Thursday, June 5, 2014

How to Use Comparison Correctly



This tip will hopefully help you avoid errors when you are using adjectives and adverbs to compare things.

We frequently use adjectives and adverbs to compare two or more things in our writing.  When two things are being compared, use the comparative degree. When more than two things are being compared, use the superlative degree.

Some words use er and est to form the comparative and superlative degree.
Some words add the words more and most.
Negative comparisons use the words less and least.

Positive Degree         Comparative Degree             Superlative Degree
cheap                          cheaper                                cheapest
recent                         more recent                          most recent
expensive                   less expensive                      least expensive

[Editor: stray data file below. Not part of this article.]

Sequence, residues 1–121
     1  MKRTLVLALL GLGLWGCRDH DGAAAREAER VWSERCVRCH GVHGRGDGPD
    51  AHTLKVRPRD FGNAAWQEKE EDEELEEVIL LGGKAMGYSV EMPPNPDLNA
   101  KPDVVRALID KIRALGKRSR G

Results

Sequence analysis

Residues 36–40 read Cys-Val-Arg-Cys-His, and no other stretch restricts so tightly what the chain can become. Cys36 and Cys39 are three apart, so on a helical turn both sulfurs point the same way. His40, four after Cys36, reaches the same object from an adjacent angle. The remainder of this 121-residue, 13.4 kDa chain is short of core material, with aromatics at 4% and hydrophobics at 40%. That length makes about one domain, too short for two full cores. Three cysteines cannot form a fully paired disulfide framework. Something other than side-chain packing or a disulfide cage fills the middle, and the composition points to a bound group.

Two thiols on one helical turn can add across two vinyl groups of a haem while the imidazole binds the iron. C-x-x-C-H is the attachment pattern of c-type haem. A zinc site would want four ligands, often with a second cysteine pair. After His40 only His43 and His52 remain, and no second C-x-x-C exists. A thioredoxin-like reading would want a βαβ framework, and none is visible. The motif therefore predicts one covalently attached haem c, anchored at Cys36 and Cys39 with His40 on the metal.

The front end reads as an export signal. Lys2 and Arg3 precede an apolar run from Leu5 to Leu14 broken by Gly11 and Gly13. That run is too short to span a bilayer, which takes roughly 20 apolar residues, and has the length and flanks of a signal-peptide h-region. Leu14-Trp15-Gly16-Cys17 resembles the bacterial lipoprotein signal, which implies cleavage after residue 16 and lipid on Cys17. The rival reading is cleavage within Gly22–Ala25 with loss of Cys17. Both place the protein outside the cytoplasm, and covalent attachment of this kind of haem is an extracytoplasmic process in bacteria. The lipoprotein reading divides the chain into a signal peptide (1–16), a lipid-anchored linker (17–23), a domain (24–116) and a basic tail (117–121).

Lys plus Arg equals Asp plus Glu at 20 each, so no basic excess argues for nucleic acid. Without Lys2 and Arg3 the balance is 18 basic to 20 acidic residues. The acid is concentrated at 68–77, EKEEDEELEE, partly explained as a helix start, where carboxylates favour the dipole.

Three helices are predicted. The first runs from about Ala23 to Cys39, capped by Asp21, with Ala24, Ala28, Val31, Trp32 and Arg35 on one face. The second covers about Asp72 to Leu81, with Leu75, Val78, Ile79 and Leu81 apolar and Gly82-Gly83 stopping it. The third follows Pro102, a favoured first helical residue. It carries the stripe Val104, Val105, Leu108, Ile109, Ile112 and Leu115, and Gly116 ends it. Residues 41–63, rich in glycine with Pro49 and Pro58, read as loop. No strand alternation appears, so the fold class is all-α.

The important thing is never to use both of these devices at the same time. In other words, do not use: er and more together; or est and most together.

Correct:  The older of my two sons is the one you met yesterday.
Incorrect:  The more older of my two sons is the one you met yesterday.

Correct:  The healthier you are, the better you look.
Incorrect:  The more healthier you are, the better you look.

If you are not sure of the correct spelling when writing a comparison structure, use a dictionary or look up the word online.

In my post next week, I will discuss adjectives that are absolute and cannot be compared. 


I hope your summer is sunny and bright!

All the best,